A Small Place by Jamaica Kincaid

Kincaid focuses on the ugliness of tourism, and how morally/spiritually wrong it is to exploit the land where one travels. When people travel to escape the boredom of their own mundane lives, they are exploiting the daily lives of the locals. This creates a space where the locals are now “Other” to the tourist in their own residence. Tourist travel to escape and view the beauty of other countries, be more simple and be closer to nature, while this romanticization exploits the humble and impoverished state of people.

The colonial education the Antiguans receive is under a British system, so they are learning not of their own history, but of one that has enslaved, and then colonized them. Due to this the Antiguans are passive objects of history, so they are always second, and the British system will always dictate events, history, and language. This makes the Antiguan people “Subaltern” according to Spivak. They are removed from all lines of social mobility, due to how they were enslaved and colonized by the British system, and how the tourists have exploited them. They have no control of what happens in the future, what they are educated on, or any say in the governmental affairs. Little to no change will ever happen if the Antiguan people do not revolt against this colonial oppression.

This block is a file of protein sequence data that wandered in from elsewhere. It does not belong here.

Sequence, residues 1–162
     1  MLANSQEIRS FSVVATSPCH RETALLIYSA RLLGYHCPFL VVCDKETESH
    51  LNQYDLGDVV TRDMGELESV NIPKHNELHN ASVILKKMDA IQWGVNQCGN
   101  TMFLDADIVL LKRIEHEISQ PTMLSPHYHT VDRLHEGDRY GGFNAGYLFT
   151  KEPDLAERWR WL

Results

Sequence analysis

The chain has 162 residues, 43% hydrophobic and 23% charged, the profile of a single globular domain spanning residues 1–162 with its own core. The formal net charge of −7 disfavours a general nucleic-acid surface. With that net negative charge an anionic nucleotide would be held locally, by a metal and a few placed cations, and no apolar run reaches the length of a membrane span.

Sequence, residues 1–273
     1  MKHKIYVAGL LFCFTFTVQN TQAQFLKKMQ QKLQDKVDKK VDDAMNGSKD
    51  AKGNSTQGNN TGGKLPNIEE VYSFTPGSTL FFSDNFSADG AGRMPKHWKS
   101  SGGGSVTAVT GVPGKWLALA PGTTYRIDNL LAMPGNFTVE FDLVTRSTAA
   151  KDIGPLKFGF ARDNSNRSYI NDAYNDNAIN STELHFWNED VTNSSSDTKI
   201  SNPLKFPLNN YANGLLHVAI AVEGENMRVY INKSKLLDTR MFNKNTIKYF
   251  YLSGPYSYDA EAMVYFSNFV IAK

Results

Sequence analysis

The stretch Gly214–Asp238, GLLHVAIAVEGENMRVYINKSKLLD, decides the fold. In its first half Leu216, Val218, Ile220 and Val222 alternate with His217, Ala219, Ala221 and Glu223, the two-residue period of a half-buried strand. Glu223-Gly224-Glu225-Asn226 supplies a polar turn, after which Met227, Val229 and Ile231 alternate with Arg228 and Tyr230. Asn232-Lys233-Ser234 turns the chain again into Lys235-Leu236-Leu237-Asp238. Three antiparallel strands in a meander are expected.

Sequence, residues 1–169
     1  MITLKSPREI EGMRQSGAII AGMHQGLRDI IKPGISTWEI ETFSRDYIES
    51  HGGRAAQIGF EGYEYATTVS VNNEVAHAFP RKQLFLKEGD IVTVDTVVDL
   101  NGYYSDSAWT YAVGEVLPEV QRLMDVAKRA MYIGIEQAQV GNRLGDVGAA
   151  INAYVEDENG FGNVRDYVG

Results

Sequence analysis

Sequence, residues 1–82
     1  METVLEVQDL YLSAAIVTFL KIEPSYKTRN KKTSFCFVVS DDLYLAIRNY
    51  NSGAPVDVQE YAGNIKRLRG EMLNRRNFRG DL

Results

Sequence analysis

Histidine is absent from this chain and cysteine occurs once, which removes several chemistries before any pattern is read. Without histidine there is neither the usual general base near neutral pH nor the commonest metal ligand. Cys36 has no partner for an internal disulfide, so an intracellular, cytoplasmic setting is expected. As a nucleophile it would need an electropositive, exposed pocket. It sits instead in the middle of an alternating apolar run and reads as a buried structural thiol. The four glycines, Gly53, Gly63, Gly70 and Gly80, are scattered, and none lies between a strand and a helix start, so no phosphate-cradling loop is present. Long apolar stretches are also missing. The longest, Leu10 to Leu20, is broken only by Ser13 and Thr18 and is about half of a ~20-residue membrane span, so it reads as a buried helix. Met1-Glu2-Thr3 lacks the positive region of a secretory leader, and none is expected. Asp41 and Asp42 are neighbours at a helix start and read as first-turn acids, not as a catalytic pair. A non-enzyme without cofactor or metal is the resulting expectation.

There is a connection between corruption and colonization, and this is why there is a continuation of oppression. Colonization creates class differences, and this leads to broken systems, that likely do not change. The British system claims to be helping the Antiguans by colonizing Antigua, but all the while the system is continually taking more and more from the people. The government ministers were running brothels, stealing the public’s funds, and arranging ill intended deals. There is no outrage from the people due to how they were shaped and molded into being passive objects of history. The class differences created by the corruption, and colonization lend to Othering and prejudice. Those well off in the government see no wrong as they continually benefit from the corruption socio-economically, and do not care of the Othering they create. The “Other” and “Subalterns” go together, as the Other is a subaltern. The system does not help those who have no voice or economic impact, and for this reason their voices continue to go unheard, circumstances never change, and oppression goes on unchecked.